Michael Polish brings a singular visual perspective to his films, such as the black-and-white “For Lovers Only” and latest film “Big Sur,” an adaptation of the Jack Kerouac novel.
What’s your directing style when working with actors?
I don’t do rehearsals, and I don’t do readings before the film starts. I like to see what the actor brings to the first day. I like to see what choices they make and the rhythm they’ve picked for the dialogue, or spaces between the words they’re going to amplify, or how they’re going to pronounce the words.
Your films have an intimate feel; how do you achieve that?
Not yelling. It doesn’t work to yell. [Just] trying to make sure that everybody’s connected to what’s going on in front of them. I’m still pretty old-school when it comes to filming. I like to be next to the camera and watch it as it’s happening. I feel that creates an intimacy between me and the actors, so they’re able to be vulnerable and know that I’m there and I’m not watching a monitor from afar.
Your films are so beautiful visually; what’s your trick?
I used to draw quite a bit. When you’re able to draw, you create your own world. So you’re able to draw the characters, the landscape, or whatever you want. In a sense you’re directing the picture. [With movies] you get to create that world in the same way; it just takes a lot more people. I’ve shot a couple movies, and so my knowledge of cinematography was enough that I could have a dialogue with a decent director of photography that felt more hand in hand.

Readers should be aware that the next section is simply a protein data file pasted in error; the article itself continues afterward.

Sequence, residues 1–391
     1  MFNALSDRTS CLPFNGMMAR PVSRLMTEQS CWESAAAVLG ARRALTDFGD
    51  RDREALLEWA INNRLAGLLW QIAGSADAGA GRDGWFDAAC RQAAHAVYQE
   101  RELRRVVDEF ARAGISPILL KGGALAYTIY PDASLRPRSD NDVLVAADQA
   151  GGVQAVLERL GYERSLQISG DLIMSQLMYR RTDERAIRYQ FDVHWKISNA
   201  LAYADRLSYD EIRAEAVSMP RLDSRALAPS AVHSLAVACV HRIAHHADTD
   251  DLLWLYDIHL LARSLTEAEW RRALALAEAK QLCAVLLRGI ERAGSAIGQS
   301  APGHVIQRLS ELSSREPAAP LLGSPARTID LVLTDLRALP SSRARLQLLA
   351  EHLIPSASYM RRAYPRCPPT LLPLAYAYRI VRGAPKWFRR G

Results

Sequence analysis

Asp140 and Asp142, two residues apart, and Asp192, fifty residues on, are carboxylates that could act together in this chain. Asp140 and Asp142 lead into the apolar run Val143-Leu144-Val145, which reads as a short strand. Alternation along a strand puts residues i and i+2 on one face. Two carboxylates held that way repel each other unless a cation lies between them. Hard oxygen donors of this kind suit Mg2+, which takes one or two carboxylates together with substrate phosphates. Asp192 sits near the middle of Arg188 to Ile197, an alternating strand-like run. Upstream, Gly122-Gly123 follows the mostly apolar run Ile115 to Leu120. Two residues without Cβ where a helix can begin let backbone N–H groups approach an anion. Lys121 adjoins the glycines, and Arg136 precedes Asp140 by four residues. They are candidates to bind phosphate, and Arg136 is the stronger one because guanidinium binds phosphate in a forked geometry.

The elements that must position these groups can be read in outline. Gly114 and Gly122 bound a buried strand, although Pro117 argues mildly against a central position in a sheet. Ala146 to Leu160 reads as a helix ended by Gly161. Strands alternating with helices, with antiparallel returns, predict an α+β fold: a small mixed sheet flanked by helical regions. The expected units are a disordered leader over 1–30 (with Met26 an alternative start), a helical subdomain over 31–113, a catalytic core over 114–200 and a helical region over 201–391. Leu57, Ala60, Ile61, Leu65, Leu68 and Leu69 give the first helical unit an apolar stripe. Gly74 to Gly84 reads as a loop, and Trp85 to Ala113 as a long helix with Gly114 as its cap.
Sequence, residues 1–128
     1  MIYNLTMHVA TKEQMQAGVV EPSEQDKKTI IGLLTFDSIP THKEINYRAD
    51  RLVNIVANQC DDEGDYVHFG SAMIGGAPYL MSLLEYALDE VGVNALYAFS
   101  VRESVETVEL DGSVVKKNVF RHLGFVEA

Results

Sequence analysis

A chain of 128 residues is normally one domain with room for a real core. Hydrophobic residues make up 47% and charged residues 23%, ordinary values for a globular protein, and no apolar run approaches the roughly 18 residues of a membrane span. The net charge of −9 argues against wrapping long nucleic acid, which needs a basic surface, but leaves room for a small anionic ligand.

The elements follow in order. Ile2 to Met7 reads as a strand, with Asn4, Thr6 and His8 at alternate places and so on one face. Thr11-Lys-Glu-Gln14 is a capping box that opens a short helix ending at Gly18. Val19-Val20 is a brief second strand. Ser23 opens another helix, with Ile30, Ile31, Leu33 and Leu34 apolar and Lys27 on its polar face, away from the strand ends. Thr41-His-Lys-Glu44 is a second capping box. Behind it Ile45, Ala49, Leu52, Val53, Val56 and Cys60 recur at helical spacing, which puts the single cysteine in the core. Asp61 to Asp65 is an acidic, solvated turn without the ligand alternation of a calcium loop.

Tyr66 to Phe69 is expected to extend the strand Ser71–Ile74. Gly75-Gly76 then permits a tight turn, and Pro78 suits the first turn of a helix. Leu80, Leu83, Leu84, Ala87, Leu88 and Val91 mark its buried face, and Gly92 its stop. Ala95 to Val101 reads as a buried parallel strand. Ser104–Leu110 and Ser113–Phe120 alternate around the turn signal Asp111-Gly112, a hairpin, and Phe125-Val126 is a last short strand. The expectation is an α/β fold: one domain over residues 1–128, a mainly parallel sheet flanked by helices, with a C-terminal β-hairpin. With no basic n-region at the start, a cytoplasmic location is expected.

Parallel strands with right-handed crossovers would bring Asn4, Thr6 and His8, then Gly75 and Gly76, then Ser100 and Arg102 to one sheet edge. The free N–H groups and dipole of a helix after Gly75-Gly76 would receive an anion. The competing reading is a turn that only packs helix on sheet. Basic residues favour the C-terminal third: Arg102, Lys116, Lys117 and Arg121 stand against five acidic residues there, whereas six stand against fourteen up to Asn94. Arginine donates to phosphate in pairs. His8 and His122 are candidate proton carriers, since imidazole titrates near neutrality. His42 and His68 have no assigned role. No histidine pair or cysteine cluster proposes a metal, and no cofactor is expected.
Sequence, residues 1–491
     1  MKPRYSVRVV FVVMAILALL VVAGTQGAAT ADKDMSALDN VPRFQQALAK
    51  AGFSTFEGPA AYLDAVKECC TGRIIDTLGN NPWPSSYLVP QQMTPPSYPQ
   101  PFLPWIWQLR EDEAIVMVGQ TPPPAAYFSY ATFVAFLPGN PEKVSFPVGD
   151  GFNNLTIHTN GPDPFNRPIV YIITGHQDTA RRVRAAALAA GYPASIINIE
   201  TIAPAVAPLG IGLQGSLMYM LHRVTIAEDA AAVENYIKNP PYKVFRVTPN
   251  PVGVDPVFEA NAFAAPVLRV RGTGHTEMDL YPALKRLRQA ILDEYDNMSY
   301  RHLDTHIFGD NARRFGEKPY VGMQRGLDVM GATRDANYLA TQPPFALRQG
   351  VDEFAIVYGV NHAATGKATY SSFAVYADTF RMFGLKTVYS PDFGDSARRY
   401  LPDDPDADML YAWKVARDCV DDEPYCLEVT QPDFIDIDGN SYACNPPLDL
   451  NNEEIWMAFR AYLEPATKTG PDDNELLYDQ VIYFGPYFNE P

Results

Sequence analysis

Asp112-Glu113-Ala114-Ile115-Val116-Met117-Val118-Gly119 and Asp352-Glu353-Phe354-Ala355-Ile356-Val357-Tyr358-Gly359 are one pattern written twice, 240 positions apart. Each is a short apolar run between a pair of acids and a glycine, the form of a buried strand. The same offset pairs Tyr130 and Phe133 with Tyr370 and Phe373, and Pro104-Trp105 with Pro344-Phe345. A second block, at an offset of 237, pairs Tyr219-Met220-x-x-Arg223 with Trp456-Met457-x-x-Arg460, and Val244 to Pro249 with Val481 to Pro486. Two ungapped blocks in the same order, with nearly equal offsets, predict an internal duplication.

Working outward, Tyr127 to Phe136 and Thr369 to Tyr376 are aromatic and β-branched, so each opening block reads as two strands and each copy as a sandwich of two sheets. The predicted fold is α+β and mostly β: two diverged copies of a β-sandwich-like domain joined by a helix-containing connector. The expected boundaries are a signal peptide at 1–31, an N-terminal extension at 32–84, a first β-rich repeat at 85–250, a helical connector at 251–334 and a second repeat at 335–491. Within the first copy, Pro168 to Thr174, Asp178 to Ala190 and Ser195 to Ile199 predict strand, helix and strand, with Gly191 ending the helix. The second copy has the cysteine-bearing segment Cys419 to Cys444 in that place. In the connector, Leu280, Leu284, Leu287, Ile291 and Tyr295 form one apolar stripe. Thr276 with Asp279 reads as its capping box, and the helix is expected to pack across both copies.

How do you get the best performance from actors when a scene isn’t working initially?
You have to get to a very organic place with somebody to figure out why it’s not working. It’s usually a problem with the scene, or the actor doesn’t feel comfortable with what they’re saying or doesn’t understand what they’re saying. Sometimes I’m hearing it different than I just want to hear it. As the director, you pretty much see everything from A to Z, and it’s your job to keep everything [in place]. Actors are focused on what they’re doing at that moment, which is brilliant on their part, but they might not know what is going to happen after or before they got on the set. So sometimes it’s just explaining what it was like before they got there, and what it’s going to be like when they leave.
What inspired you to tell this story in “Big Sur” the way you did, relying so much on the voiceover?
It was very risky to use Jack’s words. I knew it wasn’t going to be a movie that everybody was going to jump onto, because it’s too hard to make a Kerouac novel into a movie. How is this going to work? Because there’s no punctuation, the dialogue’s very sparse between people… He’s got this prose that’s incredibly tricky because he’s a language spinner. How are we going to put this all into one movie? Because the essence of it—of a person going crazy after fame—is very enticing to an artist at any level, to watch somebody go in that downward spiral is fascinating. But how are we going to do this different? And I thought if I stayed true to his inner mind and words from back to front, from beginning to end, at least people would know exactly what he was going through in his head.
I can make up scenes, I can change the dialogue to be more modern, or even easier to speak for the actors, but then that wouldn’t be what made Kerouac Kerouac. It was the way he spun his language that people really got into. If I change that because it needs to be made a typical movie with dialogue, then it’s not a Kerouac piece.